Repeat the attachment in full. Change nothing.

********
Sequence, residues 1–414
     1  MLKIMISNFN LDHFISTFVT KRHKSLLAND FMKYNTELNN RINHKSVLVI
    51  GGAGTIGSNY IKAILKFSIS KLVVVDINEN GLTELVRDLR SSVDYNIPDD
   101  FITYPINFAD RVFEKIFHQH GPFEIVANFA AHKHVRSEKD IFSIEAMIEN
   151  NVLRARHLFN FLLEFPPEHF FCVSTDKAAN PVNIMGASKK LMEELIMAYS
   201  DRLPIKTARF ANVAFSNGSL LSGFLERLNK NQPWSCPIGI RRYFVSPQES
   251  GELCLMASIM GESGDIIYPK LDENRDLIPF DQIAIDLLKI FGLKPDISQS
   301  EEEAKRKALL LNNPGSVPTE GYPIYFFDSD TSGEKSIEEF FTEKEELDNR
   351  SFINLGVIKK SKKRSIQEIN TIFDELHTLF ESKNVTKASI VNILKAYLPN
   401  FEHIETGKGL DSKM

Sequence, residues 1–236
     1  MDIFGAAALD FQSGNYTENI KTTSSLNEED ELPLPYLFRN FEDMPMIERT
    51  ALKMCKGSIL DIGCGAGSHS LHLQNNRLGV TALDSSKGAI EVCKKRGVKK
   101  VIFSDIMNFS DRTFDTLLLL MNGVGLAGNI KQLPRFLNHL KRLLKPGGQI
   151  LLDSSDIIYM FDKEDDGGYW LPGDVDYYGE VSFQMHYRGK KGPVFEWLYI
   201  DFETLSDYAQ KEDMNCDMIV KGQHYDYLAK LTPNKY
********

Sequence, residues 1–414
     1  MLKIMISNFN LDHFISTFVT KRHKSLLAND FMKYNTELNN RINHKSVLVI
    51  GGAGTIGSNY IKAILKFSIS KLVVVDINEN GLTELVRDLR SSVDYNIPDD
   101  FITYPINFAD RVFEKIFHQH GPFEIVANFA AHKHVRSEKD IFSIEAMIEN
   151  NVLRARHLFN FLLEFPPEHF FCVSTDKAAN PVNIMGASKK LMEELIMAYS
   201  DRLPIKTARF ANVAFSNGSL LSGFLERLNK NQPWSCPIGI RRYFVSPQES
   251  GELCLMASIM GESGDIIYPK LDENRDLIPF DQIAIDLLKI FGLKPDISQS
   301  EEEAKRKALL LNNPGSVPTE GYPIYFFDSD TSGEKSIEEF FTEKEELDNR
   351  SFINLGVIKK SKKRSIQEIN TIFDELHTLF ESKNVTKASI VNILKAYLPN
   401  FEHIETGKGL DSKM

Sequence, residues 1–236
     1  MDIFGAAALD FQSGNYTENI KTTSSLNEED ELPLPYLFRN FEDMPMIERT
    51  ALKMCKGSIL DIGCGAGSHS LHLQNNRLGV TALDSSKGAI EVCKKRGVKK
   101  VIFSDIMNFS DRTFDTLLLL MNGVGLAGNI KQLPRFLNHL KRLLKPGGQI
   151  LLDSSDIIYM FDKEDDGGYW LPGDVDYYGE VSFQMHYRGK KGPVFEWLYI
   201  DFETLSDYAQ KEDMNCDMIV KGQHYDYLAK LTPNKY